“This research has always been conducted with strong support from the veteran community and I would like to express my appreciation to the many Vietnam veterans who assisted this study,” the Minister said.
“The findings of the study are available on the Department of Veterans’ Affairs website at www.dva.gov.au.”
Extract from Media Release by the Attorney-General, the Hon Daryl Williams AM QC MP
6 February 2003
IMPROVING THE FEDERAL MERITS REVIEW TRIBUNAL SYSTEM
The Attorney-General has announced that the Government remains committed to improving the federal merits review tribunal system. In 2000, the Government introduced the Administrative Review Tribunal Bill, which would have replaced the Administrative Appeals Tribunal, the Social Security Appeals Tribunal, the Migration Review Tribunal and the Refugee Review Tribunal with a single, independent tribunal. In light of opposition in the Senate, the Government will not seek to introduce the Administrative Review Tribunal legislation in the current Parliament. However, the Government remains convinced that amalgamation of the tribunals will provide real benefits for people seeking administrative review of government decisions and will investigate options for amalgamation in the future.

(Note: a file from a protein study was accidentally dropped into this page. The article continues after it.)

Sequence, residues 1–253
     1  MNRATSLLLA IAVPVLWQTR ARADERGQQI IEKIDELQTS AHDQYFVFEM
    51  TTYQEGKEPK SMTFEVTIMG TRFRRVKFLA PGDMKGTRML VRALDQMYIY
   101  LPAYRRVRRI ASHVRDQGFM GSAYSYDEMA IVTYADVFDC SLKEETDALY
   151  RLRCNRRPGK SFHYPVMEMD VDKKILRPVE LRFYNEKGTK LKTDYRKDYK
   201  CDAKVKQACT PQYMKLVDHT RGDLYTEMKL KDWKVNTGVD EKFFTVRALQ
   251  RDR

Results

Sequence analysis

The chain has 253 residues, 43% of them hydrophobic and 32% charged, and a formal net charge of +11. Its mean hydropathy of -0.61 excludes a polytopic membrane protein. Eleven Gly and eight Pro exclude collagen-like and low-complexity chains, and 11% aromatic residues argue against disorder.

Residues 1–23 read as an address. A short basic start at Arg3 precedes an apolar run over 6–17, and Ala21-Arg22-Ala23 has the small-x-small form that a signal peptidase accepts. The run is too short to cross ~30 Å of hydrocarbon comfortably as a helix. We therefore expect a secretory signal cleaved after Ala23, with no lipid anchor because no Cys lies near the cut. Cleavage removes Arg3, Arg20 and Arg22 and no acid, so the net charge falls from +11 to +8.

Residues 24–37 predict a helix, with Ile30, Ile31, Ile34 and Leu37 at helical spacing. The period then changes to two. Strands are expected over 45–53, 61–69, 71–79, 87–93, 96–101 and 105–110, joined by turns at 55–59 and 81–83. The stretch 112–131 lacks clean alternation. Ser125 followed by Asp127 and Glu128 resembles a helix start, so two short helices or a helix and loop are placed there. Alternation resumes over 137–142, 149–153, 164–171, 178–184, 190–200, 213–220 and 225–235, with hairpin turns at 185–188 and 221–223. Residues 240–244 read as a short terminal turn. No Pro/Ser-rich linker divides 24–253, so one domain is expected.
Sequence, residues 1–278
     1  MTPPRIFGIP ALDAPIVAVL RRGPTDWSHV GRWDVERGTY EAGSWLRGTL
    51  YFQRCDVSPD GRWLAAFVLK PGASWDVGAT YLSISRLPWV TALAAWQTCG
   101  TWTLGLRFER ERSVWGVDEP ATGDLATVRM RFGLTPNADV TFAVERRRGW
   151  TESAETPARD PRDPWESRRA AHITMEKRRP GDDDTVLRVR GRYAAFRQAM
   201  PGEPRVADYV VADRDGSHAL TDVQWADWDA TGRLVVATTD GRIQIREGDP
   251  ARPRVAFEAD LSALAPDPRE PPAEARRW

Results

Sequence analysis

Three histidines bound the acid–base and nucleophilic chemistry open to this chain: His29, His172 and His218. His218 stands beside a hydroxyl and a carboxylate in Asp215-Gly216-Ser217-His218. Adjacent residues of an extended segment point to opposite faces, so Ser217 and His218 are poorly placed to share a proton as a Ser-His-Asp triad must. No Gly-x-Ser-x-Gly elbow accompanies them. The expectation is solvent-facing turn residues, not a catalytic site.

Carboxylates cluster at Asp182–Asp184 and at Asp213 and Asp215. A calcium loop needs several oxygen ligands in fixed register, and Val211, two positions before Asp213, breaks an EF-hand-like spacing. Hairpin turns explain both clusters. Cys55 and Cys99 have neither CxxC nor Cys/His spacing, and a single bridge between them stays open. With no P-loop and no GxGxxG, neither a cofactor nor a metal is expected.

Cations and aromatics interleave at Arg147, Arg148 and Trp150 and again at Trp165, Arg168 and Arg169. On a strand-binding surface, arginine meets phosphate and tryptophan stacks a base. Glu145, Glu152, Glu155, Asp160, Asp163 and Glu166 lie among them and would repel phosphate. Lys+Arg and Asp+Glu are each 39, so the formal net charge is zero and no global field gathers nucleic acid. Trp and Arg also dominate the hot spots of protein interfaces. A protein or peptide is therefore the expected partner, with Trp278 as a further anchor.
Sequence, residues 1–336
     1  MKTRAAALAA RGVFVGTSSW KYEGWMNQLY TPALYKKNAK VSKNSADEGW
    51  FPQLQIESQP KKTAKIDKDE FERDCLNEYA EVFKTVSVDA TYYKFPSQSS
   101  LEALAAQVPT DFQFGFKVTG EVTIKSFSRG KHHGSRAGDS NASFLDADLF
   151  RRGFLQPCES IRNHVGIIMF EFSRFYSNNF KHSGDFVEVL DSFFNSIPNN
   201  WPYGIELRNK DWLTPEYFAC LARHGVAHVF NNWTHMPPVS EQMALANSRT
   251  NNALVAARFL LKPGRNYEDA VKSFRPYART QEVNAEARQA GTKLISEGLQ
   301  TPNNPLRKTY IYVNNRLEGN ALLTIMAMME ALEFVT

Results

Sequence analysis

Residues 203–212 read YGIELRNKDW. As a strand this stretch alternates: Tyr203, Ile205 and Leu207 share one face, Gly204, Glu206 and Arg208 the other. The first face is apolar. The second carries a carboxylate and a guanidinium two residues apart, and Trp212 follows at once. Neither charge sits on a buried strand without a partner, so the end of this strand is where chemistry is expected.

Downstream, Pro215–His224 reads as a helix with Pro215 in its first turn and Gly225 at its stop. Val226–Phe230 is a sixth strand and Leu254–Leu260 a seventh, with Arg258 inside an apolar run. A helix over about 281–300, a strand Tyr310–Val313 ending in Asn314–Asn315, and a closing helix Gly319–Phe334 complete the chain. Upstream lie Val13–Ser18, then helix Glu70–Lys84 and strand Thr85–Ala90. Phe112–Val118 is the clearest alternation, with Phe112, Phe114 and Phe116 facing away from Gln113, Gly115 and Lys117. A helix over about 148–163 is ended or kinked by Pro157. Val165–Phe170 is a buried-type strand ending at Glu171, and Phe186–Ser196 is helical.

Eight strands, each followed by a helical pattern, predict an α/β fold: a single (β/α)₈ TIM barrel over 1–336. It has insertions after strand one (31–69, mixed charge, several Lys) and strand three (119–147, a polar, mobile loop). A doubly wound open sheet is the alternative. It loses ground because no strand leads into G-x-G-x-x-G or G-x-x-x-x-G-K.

The Attorney-General said:
“In the interim, we will undertake sensible reform of the existing tribunals on an individual basis. As a starting point, I propose to reform the Administrative Appeals Tribunal (AAT). While details of the amendments are being settled, areas of amendment could include procedures of the tribunal, constitutional requirements and allowing greater use of ordinary members.
The AAT performs an important role in the Government's commitment to provide a fairer and more effective merits review system that strives to deliver administrative justice to individuals and a high standard of government decision-making. The AAT must be able to deliver informal, fast and fair merits review, unfettered by costly and legalistic procedures.
The Government's reforms are aimed at enabling the AAT to flexibly manage its workload and to ensure that reviews are conducted as efficiently as possible.”